The Address | Benghazi – Libya
TAWERGHA – Most of the 48,000 former residents of the Libyan town of Tawergha, forcibly displaced for seven years, have not been able to return home, Human Rights Watch said today after visiting the town.
Despite reconciliation agreements that should have paved the way for Tawerghans’ return, the massive and deliberate destruction of the town and its infrastructure, and a pervasive feeling of insecurity, have kept all but a few families from returning. New satellite imagery analysis shows that between 2013 and 2017, when militias from the nearby city of Misrata effectively controlled Tawergha, over 20 kilometers of the city’s underground electric cable network was most likely removed and apparently stolen.
“The militias, predominantly from Misrata, that uprooted and expelled the Tawerghans didn’t stop there but presided over the city’s systematic destruction, apparently to ensure that the displaced would find it impossible to return,” said Hanan Salah, senior Libya researcher at Human Rights Watch. “The Government of National Accord should urgently devise a strategy for Tawerghans’ safe return, ensuring reconstruction and security, and accountability for militia members and commanders responsible for deliberate displacement and destruction.”
The International Criminal Court (ICC) prosecutor should consider possible war crimes and crimes against humanity against the Tawergha community as part of her office’s ongoing investigative efforts to address ongoing grave abuses in Libya, Human Rights Watch said.
An estimated 48,000 Tawerghans have been dispersed around the country since the uprising that ousted Muammar Gaddafi in 2011. In August of that year, the entire civilian population fled approaching anti-Gaddafi armed groups, predominantly from Misrata, fearing attacks and reprisals.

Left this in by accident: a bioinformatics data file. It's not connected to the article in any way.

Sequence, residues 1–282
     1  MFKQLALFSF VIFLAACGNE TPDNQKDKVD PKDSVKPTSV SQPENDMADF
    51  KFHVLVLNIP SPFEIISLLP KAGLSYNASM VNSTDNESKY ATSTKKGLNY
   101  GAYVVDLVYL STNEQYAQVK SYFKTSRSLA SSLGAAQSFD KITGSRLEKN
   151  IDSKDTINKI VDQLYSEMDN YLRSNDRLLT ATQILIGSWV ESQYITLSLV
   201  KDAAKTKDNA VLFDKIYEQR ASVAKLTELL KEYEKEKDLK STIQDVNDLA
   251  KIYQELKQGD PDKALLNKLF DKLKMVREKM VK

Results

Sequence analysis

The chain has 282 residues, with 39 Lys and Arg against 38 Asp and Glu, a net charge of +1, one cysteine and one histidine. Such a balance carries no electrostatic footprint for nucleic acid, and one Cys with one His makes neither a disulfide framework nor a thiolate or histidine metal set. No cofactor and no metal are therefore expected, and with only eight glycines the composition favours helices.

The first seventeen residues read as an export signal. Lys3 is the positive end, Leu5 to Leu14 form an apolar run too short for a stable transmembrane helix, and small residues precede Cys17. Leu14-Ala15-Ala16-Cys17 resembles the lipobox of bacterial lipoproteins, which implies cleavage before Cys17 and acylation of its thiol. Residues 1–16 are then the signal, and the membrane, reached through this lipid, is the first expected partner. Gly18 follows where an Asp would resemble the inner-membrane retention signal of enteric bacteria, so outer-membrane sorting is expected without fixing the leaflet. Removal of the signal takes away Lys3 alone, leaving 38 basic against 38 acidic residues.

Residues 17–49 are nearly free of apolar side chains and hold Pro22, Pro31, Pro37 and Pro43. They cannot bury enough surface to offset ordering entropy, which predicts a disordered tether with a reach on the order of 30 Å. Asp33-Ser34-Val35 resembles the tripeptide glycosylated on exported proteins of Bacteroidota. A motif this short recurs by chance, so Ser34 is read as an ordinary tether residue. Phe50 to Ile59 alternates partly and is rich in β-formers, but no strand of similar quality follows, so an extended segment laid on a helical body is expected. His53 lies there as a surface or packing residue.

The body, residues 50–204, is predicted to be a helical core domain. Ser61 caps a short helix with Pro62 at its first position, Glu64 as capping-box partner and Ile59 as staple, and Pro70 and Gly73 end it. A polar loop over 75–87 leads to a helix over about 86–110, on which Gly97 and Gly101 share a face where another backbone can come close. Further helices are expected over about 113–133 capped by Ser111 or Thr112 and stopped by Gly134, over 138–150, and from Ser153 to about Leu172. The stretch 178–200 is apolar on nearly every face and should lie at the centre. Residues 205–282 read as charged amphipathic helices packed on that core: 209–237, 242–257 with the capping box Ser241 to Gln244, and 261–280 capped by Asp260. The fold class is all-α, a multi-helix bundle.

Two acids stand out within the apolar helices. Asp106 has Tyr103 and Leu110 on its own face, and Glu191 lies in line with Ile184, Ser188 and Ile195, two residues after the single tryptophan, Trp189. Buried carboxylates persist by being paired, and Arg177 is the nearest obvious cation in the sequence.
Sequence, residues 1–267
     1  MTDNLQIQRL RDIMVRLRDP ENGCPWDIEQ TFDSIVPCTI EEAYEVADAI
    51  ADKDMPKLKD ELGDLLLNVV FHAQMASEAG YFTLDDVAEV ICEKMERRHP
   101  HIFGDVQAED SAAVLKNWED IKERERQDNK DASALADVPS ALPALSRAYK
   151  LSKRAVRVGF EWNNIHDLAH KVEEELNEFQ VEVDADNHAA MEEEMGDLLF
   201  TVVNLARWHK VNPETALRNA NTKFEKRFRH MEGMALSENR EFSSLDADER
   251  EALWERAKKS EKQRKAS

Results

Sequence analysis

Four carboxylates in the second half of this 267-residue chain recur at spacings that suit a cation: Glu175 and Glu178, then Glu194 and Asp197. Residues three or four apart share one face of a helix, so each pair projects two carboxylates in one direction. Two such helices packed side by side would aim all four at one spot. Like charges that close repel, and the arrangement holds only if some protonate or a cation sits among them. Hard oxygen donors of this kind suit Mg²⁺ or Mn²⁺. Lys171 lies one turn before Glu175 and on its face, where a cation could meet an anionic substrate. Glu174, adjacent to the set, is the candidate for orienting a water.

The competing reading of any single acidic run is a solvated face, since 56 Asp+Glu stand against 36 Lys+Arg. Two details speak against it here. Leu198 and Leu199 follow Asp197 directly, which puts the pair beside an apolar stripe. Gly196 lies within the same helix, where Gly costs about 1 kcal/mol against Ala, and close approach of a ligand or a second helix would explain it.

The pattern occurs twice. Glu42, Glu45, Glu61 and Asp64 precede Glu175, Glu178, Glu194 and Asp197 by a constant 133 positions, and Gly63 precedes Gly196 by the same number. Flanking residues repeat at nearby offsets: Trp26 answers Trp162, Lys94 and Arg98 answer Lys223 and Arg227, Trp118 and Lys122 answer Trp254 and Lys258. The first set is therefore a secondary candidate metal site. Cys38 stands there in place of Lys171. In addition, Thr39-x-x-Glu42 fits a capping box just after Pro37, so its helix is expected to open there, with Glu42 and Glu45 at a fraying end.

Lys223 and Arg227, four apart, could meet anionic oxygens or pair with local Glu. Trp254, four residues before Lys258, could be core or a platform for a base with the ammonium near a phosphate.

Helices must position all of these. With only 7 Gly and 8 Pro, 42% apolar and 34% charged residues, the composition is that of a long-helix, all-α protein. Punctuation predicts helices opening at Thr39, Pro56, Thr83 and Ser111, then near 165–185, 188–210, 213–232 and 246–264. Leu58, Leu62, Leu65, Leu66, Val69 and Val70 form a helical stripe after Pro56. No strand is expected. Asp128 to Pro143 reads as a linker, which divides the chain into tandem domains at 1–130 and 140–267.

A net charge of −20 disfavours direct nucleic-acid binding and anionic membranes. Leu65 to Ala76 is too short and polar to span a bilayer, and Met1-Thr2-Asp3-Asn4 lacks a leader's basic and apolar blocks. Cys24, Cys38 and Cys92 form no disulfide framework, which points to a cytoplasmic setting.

In what amounts to collective punishment and forced displacement, a possible crime against humanity, armed Misrata groups and civilian authorities subsequently blocked and threatened Tawerghans who tried to return home, accusing them of siding with Gaddafi and of committing atrocities against those seeking his overthrow. People from Tawergha were unable to visit, let alone return, to their homes until the signing of the peace charter in 2018.
Representatives of the two cities signed a reconciliation charter in June that in principle provided for the Tawerghans’ return. But as of December, only about 100 families have attempted to resettle in their hometown, according to the International Organization for Migration.
Returnees face a devastated infrastructure, with no electricity, running water, or telecommunications, and scant education and health services. Some said they still feared attacks and retaliation by Misrata militias, Human Rights Watch said.